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About a year ago, Warrick Holdman’s NFL career seemed to be
doing quite well. He had just come on board with the Redskins at the age of 29
with 61 career starts under his belt. There were two starting jobs in play as
weak side starter LaVar Arrington was still recovering from a knee injury and
middle linebacker Antonio Pierce had bolted to the New York Giants via free
agency. Holdman was reunited with linebackers coach Dale Lindsey, under whom he
had enjoyed his best seasons in Chicago.
When the season started, he found himself at the periphery
of the Arrington controversy as he continued to start in place of a healthy
LaVar. Eventually Holdman found himself square in the middle of the storm as he
struggled on the field. He often appeared to be lost in the defense. Here is what was said about him
here after the Redskins’ Week 8 36-0 blowout loss to the Giants:
And this is not an isolated poor performance. Holdman
has started all seven games this year, has played the lion’s share of the
defensive snaps and yet they need to put out an Amber alert for him. He has 15
tackles. Yes, a small fraction over two a game for a starting NFL linebacker.
You can fall on piles or tag runners who have fallen down and get that many.
After his performance in the Meadowlands blowout Holdman
found himself parked firmly at the end of the bench. When the season ended he
became an unrestricted free agent. Joe Gibbs frequently mentioned a list of the
team’s free agents that the team wanted to bring back; Holdman’s name never was
mentioned. The other 31 NFL teams, all of which had Holdman’s 2005 performance
documented on film, took a pass on him as well. After free agency began he was
unemployed and, apparently, unwanted.
Then after about a month, Holdman’s fortunes began to turn. The
Redskins had released Arrington and wanted a veteran on the weak side to compete
for the job with the inexperienced Chris Clemons and whatever linebacker the
Redskins might draft (that turned out to be Rocky McIntosh). They brought in a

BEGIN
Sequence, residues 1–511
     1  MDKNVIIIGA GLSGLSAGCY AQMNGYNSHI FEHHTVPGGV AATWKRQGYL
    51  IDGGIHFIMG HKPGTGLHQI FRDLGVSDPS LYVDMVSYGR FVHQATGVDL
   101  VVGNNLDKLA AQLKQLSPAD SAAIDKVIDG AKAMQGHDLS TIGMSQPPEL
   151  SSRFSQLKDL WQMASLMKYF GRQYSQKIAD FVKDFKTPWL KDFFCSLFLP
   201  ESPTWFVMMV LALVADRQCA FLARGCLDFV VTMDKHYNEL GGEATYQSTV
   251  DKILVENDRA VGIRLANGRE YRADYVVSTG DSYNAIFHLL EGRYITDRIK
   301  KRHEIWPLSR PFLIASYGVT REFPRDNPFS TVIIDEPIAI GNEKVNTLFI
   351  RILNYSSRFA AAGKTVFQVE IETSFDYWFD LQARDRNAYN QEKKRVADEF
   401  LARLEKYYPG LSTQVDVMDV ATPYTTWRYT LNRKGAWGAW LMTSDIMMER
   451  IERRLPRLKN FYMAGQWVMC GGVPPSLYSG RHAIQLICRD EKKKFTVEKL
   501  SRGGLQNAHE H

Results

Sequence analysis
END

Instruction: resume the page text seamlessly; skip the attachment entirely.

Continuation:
few mid-level free agents and made some offers, but nobody bit. So in mid April
the Redskins turned to Holdman who was, to use the words of Steve Spurrier when
explaining the preponderance of former Florida Gators on the Redskins roster, cheap
Brought back from the dead and given another chance, Holdman
is making the most of it. Last year he wasn’t signed until the middle of May
and he admitted that he was out of shape. “I had been in free agency, going on
trips, eating steak and wining and dining,” he said.
When you’re with Gibbs’ Washington Redskins, May is not the
time you need to start getting yourself in to shape. You’re already hopelessly
behind at that point. He reported to minicamp last year at 240 pounds. Holdman
came in this year at 233.
He knows that his performance last year was not up to snuff.
"I owe the Redskins from last season," he said.
Gregg Williams has rewarded Holdman’s efforts by putting him
at the top of the depth chart going in to training camp. “Warrick right now is
having a great camp,” said Williams during minicamp. “His suddenness without
the pads on is excellent. Right now, Warrick has done the best job coming out
of this camp with Roger and Chris breathing right down his neck.”
A lot can happen in camp, and Holdman’s status as the
starter is far from secure. However, the fact that he occupies the top spot on
the depth roster is quite surprising if not miraculous.
A year ago it appeared that Mark Brunell’s career as a
Redskin was all but over. After a horrid 2004 that ended with him firmly on the
bench, there was no reason to believe that he would contribute anything in
2005. Redskins fans cringed at the thought of Brunell ever have to take a
meaningful snap for Washington. At minicamp, however, Brunell showed improved
arm strength. Twenty minutes in to the season, he was the starter who would
eventually lead the Redskins into the playoffs.
A month or so ago the thought of Holdman lining up at
weakside LB was a cringe moment for Redskins fans as well. Is Holdman’s solid
2006 minicamp a precursor to a similar story of redemption for a veteran?
Rich Tandler is the author of The Redskins From A to Z,
Volume 1: The Games. This unique book has an account of every game the Redskins
played from when they moved to Washington in 1937 through the 2001 season. For
details on this unique book and to get ordering information, go to http://www.RedskinsGames.com.